Keloid formation is a wound healing disorder which affects primarily darker-skinned minority populations in the US. Keloids occur sporadically or can be inherited as an autosomal dominant or recessive trait. Gene mutations and downstream cascades that are causative for keloid scarring have not been identified. Identifying such genes is fundamental to the understanding of keloid pathoetiology since biochemical and cell biological approaches have not lead to the identification of the cause for keloid formation. Keloids present an ideal model to study key mechanisms for scar formation in general. One objective of this application is to recruit families with inheritable keloid formation. We have established a unique network of collaborators for family recruitment. The second objective is to identify genes and gene mutations in patients with familial keloid formation. DNA samples will be collected and tested for cosegregation to several susceptibility gene loci that were already identified. Cosegregating families will be used for fine mapping of loci. Genomic DNA from families that do not map to these loci will be used for genome-wide screening and linkage analysis in order to identify additional keloid gene loci. We will carry out linkage analysis using parametric and non-parametric approaches.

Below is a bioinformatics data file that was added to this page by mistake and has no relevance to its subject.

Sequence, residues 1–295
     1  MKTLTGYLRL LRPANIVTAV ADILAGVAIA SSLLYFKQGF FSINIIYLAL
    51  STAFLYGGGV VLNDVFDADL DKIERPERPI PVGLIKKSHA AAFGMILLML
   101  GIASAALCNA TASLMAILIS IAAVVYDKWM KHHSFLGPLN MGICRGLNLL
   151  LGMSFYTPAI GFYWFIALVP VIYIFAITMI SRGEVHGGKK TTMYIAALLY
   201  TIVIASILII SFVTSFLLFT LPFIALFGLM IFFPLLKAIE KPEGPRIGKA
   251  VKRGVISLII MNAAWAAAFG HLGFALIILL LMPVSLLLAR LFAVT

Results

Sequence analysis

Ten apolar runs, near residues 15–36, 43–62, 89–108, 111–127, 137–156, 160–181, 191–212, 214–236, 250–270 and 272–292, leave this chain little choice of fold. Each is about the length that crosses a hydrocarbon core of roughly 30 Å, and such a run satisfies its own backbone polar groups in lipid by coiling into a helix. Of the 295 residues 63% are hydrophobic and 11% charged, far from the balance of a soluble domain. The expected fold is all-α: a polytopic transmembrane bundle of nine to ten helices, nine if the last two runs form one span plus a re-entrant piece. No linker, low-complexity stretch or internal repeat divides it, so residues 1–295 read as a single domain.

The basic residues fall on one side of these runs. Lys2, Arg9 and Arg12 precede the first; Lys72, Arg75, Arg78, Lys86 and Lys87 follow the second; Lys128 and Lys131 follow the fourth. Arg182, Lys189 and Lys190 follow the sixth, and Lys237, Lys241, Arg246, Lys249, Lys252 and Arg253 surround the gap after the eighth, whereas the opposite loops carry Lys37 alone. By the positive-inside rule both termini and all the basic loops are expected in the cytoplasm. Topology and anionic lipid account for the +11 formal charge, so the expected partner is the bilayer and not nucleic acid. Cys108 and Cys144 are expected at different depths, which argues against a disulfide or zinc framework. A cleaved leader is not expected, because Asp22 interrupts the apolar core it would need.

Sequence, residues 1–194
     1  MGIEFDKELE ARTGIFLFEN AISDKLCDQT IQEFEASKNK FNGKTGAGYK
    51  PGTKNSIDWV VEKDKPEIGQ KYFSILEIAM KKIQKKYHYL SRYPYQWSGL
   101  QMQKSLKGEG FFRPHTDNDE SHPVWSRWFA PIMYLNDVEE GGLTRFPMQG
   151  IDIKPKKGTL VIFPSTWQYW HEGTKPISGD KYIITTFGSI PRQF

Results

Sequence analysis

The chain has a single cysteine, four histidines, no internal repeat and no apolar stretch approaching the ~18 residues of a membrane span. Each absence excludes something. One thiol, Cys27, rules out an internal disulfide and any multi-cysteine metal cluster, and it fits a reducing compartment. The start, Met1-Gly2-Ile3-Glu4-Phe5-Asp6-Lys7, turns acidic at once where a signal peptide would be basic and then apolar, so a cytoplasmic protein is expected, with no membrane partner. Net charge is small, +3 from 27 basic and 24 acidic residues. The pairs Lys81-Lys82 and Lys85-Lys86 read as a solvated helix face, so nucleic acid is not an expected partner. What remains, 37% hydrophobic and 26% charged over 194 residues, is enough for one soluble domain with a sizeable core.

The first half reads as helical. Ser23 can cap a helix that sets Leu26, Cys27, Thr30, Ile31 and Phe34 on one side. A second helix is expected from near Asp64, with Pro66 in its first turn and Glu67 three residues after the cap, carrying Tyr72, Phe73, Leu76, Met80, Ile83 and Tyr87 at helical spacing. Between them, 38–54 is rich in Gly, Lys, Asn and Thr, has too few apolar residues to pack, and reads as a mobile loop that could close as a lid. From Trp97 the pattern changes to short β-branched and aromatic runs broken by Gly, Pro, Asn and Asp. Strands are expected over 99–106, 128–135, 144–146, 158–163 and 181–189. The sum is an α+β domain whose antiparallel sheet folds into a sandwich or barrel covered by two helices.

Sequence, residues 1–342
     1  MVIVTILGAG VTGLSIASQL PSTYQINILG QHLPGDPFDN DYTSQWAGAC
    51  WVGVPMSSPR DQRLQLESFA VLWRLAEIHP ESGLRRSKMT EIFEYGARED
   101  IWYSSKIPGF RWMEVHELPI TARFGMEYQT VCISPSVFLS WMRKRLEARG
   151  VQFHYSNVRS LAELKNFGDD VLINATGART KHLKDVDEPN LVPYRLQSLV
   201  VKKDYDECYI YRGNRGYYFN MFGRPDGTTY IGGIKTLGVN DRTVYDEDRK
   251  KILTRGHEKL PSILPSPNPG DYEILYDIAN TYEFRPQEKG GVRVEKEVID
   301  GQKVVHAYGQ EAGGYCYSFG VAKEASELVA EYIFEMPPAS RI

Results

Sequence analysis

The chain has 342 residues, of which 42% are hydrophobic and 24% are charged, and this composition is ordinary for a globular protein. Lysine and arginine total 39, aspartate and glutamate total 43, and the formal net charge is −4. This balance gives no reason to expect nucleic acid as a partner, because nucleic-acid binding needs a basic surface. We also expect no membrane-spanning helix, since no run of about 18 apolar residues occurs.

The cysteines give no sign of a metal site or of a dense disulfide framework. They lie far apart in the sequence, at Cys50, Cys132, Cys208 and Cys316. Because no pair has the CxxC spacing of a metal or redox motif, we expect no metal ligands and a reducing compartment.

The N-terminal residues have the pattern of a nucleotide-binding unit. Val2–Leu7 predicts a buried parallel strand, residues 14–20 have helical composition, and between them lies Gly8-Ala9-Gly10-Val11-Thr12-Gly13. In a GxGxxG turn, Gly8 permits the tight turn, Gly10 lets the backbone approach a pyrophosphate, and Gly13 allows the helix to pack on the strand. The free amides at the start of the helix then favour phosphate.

Agency
National Institute of Health (NIH)
Institute
National Institute of Arthritis and Musculoskeletal and Skin Diseases (NIAMS)
Type
Research Project (R01)
Project #
5R01AR045286-09
Application #
7798979
Study Section
Special Emphasis Panel (ZRG1-GGG-T (62))
Program Officer
Tseng, Hung H
Project Start
1999-09-10
Project End
2012-03-31
Budget Start
2010-04-01
Budget End
2011-03-31
Support Year
9
Fiscal Year
2010
Total Cost
$593,344
Indirect Cost
Name
University of Connecticut
Department
Dentistry
Type
Schools of Dentistry
DUNS #
022254226
City
Farmington
State
CT
Country
United States
Zip Code
06030
Olaitan, Peter B; Odesina, Victoria; Ademola, Samuel et al. (2014) Recruitment of Yoruba families from Nigeria for genetic research: experience from a multisite keloid study. BMC Med Ethics 15:65
Olaitan, Peter B; Chen, I-Ping; Norris, James E C et al. (2011) Inhibitory activities of omega-3 Fatty acids and traditional african remedies on keloid fibroblasts. Wounds 23:97-106
Hastings, P J; Hersh, Megan N; Thornton, P C et al. (2010) Competition of Escherichia coli DNA polymerases I, II and III with DNA Pol IV in stressed cells. PLoS One 5:e10862